# Adding voltage and current measurements to the sunpowered Pi

This post is part of the sunpowered series.

Remember my sunpowered Pi installation on the balcony ? The only indication I had, since recently, on how well the system is doing was an LED blinking red when battery was low. Not really helpful in making predictions or making measurements over the time. I’ve searched for simple ADC solution to hook up into Pi and allow for some voltage and power measurements. I’ve decided on ADC Pi, as it seemed very straightforward in its design and also comes with example python code. Did I say Python ?! It turns out that Python has an excellent graph plotting library as well as it is very well equipped with general purpose functions and hardware specific stuff support, like i2c. But back to the system design. The solar panel itself can generate up to about 30V under no load. Battery is 12V nominal but can get to 14.5V when charging, the specs say. ADC Pi however, can measure up to 5V. You have some resistors laying around you say ? Voltage divider it is. For current measurement I’ve used hall effect sensor module from Pololu. Summarising, I have 8 measurement lines, hooked up as follows:

1. unused :D
2. voltage of the power line from Pi to current sensor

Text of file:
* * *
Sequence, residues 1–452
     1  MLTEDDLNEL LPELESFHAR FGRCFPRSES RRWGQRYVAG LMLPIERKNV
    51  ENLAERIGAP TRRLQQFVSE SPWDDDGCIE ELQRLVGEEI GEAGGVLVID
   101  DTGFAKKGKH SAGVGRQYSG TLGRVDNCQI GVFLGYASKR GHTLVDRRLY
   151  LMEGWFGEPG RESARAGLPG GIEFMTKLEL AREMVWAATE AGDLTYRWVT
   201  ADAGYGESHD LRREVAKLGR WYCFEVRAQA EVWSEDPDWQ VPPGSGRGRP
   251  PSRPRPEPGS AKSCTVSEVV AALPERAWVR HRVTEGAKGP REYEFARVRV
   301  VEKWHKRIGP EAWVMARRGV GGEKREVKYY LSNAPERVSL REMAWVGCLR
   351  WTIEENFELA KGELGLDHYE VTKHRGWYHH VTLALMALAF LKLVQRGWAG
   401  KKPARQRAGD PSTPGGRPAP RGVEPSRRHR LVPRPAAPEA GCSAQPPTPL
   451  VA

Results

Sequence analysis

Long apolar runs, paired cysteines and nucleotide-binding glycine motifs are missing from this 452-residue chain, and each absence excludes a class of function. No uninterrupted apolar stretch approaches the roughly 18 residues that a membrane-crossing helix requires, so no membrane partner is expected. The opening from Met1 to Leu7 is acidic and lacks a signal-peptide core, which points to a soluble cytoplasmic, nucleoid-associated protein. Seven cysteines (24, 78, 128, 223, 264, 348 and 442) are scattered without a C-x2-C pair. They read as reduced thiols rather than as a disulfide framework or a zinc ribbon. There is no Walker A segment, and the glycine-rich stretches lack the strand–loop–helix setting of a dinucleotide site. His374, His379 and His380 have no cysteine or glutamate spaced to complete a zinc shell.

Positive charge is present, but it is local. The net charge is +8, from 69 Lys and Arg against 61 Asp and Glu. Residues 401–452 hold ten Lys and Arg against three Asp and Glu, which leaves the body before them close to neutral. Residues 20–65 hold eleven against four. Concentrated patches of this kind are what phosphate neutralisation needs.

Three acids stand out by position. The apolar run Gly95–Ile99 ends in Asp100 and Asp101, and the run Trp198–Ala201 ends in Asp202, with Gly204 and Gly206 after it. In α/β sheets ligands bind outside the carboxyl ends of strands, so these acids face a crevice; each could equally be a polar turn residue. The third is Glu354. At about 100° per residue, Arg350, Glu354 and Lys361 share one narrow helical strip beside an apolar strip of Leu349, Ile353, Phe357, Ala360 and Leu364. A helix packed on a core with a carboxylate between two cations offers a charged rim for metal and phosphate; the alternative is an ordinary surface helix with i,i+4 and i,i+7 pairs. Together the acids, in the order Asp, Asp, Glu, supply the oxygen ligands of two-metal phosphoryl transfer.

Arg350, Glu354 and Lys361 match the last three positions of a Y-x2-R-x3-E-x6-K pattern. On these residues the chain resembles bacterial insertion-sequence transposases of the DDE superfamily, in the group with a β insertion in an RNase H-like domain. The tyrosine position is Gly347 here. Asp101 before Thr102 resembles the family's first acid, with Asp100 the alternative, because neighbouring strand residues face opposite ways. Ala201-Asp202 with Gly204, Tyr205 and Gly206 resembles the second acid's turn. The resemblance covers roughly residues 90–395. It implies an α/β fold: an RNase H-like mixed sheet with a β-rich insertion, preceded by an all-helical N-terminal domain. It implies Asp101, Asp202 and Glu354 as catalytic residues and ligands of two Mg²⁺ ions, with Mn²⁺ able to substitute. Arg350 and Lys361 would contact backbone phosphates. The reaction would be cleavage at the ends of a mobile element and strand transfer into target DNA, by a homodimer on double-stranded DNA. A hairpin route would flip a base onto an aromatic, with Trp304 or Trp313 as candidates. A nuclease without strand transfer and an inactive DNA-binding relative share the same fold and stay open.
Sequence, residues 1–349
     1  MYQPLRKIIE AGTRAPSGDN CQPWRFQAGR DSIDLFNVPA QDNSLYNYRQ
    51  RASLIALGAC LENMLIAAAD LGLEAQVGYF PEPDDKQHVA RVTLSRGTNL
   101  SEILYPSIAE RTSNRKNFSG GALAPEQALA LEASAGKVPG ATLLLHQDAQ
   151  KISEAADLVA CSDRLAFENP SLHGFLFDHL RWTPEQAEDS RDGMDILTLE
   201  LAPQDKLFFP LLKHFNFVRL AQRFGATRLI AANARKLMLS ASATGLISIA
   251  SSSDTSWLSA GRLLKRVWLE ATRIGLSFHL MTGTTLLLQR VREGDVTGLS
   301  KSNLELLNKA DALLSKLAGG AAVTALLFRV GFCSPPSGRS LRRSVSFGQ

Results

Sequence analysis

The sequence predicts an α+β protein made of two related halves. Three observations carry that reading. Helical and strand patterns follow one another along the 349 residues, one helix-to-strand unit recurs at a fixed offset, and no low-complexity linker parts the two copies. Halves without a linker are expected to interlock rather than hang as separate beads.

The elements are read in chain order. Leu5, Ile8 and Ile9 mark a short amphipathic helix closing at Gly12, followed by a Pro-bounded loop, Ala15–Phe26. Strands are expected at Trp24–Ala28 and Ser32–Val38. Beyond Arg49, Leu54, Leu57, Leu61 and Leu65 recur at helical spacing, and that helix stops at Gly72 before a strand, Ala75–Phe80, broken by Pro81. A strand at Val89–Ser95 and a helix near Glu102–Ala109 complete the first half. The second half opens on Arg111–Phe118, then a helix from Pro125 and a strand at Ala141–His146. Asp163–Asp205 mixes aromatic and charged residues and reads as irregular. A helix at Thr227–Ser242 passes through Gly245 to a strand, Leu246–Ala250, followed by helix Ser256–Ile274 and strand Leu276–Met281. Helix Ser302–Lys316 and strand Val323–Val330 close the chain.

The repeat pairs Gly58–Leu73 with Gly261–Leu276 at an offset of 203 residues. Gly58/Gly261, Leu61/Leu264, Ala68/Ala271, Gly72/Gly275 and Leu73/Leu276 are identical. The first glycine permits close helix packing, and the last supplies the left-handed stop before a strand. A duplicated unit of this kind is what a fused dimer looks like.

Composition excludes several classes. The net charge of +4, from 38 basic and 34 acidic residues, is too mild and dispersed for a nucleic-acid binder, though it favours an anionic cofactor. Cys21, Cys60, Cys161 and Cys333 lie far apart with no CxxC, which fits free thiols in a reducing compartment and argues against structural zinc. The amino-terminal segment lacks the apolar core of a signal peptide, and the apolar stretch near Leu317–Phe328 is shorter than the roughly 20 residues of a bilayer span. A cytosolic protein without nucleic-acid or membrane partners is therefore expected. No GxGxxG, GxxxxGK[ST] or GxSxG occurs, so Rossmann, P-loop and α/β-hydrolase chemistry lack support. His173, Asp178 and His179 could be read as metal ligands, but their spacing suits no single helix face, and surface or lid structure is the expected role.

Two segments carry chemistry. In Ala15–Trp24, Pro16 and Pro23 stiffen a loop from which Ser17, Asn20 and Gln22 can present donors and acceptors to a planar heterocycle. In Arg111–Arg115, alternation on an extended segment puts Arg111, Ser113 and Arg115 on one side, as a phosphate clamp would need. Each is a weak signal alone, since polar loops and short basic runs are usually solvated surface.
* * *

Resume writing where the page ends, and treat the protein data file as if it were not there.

3. panel voltage
4. battery voltage
6. regulated 12V rail voltage
7. regulated 5V rail voltage

It turned out that for the current measurement to be accurate I can’t trust the voltage coming from the Pi to be stable. I actually measure that and use that to calculate the real reading. The docs round the hall sensor are not that obvious at the first sight, so here’s the formula I came up with, for the greater good:

current = (measured_sensor_voltage - (voltage_powering_sensor/2))/0.185

Finally, sprinkle all of the above with some python and get the following:

Looking at this you can spot 2 things. One - April the 5th was supercloudy superrainy and the battery did not get much charge. And the second being that on the average day the battery gets to the full capacity near the half of the sunny period. This is the data I was after ! I think this means that I can add more batteries to the system and on a sunny day they will get filled up and this should suffice for couple of rainy days in a row. Here, get some photos as the bonus, also:

TODOs, for me, and everyone else, to remember that nothing is ever finished in the realm of hobby projects:

• add graph for power usage
• would be super cool to add the weather data to the graphs
• clean up python stuff, add more unit tests there
• write next post on the above ;)